What's the fastest way to find the closest pair of three-dimensional points in a large set? That was the question posed for the most recent Hacker's Delight challenge.
We just released the results for Hacker's Delight #7: Nearest Neighbor. A little premature, it turns out, we misplaced a bunch of the entries. Once the remaining entries were found, I ran the tests before I came home tonight and Jim should be putting them up soon. It turns out that the missing entries don't really affect the outcome.
This is the third Hacker's Delight challenge I've blogged about. Challenge #6: 64 Choose 4 came from the post Let Me Count The Ways and, in full circle, Let Me Count The Ways (Part II) comes from the challenge. From Hacker's Delight #4: Primes came Sieve of Eratosthenes.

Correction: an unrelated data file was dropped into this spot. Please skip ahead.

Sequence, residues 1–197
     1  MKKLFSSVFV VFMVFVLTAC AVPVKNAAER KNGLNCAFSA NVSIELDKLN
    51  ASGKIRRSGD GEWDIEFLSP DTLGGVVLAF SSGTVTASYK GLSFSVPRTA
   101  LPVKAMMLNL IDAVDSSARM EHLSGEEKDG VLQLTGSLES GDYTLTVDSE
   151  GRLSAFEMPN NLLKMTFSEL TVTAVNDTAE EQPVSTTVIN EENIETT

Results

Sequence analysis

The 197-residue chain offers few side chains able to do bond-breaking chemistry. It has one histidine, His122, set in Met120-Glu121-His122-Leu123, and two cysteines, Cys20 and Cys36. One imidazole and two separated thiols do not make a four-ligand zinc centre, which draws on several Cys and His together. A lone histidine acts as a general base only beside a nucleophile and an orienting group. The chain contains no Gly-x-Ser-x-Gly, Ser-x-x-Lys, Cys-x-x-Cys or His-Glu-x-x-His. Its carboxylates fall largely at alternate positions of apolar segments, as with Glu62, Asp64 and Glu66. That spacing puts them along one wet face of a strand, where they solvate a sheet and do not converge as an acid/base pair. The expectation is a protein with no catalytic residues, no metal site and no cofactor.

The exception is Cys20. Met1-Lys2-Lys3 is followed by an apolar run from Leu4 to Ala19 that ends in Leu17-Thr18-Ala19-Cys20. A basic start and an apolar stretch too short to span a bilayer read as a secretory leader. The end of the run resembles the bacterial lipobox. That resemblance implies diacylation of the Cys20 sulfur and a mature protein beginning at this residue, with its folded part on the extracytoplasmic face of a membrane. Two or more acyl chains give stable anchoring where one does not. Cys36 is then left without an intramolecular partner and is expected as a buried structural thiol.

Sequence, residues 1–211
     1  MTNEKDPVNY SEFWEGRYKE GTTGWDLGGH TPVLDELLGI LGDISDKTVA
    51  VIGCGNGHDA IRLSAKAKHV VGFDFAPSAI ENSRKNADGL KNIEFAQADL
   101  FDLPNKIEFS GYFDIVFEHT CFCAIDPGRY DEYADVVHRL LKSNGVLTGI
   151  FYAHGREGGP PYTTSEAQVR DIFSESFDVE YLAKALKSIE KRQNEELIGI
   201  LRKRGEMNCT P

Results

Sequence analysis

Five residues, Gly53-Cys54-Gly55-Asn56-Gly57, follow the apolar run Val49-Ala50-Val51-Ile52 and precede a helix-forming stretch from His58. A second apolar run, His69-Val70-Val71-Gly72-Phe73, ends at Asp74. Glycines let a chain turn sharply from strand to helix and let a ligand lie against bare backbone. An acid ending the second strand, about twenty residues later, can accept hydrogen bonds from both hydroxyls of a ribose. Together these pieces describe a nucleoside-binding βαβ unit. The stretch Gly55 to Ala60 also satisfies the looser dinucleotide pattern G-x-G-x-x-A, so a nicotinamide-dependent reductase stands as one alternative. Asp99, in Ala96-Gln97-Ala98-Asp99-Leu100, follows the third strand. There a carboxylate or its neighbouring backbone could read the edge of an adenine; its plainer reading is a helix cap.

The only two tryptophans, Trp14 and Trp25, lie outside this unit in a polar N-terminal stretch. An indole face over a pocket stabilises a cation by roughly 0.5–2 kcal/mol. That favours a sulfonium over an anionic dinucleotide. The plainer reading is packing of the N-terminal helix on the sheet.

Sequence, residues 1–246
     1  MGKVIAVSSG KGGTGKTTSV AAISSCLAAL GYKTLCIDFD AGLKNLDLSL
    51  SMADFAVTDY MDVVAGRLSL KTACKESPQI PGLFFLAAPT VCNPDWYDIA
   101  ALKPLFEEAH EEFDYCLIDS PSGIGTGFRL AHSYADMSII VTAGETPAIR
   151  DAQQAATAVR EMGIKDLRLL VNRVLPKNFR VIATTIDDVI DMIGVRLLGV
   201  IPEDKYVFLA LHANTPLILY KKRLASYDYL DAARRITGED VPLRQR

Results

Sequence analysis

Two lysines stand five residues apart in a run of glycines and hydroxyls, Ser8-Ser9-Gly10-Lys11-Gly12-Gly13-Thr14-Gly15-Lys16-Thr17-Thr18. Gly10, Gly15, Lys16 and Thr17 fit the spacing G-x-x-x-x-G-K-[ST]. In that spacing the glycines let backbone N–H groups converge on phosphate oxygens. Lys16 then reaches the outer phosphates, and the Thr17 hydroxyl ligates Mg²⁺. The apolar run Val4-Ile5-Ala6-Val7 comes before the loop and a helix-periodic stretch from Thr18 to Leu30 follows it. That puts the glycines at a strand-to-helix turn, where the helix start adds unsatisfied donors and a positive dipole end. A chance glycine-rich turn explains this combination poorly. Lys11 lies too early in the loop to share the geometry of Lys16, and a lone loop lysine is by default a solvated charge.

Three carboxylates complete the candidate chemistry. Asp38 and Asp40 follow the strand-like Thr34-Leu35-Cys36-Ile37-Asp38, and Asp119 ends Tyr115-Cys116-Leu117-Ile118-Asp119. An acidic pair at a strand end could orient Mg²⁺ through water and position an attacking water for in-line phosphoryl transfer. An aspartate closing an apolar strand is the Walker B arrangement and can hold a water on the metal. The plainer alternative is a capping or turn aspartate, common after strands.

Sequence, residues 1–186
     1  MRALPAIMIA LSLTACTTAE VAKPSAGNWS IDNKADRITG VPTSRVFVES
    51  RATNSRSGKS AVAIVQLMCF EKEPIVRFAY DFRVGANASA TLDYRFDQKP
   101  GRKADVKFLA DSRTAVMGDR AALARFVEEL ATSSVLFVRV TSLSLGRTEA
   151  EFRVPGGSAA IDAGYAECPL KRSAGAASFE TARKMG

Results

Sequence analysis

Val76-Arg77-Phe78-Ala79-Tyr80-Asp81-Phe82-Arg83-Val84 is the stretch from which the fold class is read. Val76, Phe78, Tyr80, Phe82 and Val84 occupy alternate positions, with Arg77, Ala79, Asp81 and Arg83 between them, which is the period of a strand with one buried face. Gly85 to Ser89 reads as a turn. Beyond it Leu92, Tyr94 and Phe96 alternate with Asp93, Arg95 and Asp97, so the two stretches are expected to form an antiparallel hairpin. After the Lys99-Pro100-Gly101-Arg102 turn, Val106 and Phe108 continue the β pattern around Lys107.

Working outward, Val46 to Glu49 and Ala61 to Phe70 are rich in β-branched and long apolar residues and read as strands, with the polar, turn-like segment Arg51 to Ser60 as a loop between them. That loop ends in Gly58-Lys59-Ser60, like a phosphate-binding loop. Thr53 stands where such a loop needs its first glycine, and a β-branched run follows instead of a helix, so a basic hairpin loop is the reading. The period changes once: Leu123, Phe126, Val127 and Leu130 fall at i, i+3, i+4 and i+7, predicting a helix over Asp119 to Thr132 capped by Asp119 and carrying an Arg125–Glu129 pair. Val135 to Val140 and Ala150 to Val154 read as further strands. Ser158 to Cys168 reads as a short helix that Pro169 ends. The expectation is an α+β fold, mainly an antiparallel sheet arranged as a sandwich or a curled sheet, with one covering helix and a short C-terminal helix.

Alistair Milne from EA Montreal blew Nearest Neighbor out of the water with a blazingly fast and beautiful algorithm for finding the nearest two points in a cloud of points in three dimensional space. For comparison the very slow reference implementation is here. I wondered if I could get any more performance out of Alistair's algorithm and came up with an uglier but ~25% faster SIMD optimized version of his algorithm. Sadly, my own reasonably fast implementation for Nearest Neighbor is incorrect about 7% of the time.
My implementation, and many others we received were based on the canonical Nearest Neighbor algorithm as described in Cormen's Introduction to Algorithms. It seems that in every respect, Alistair's algorithm is superior. It's more elegant, it's much faster and it does less work.
Be sure to check it out.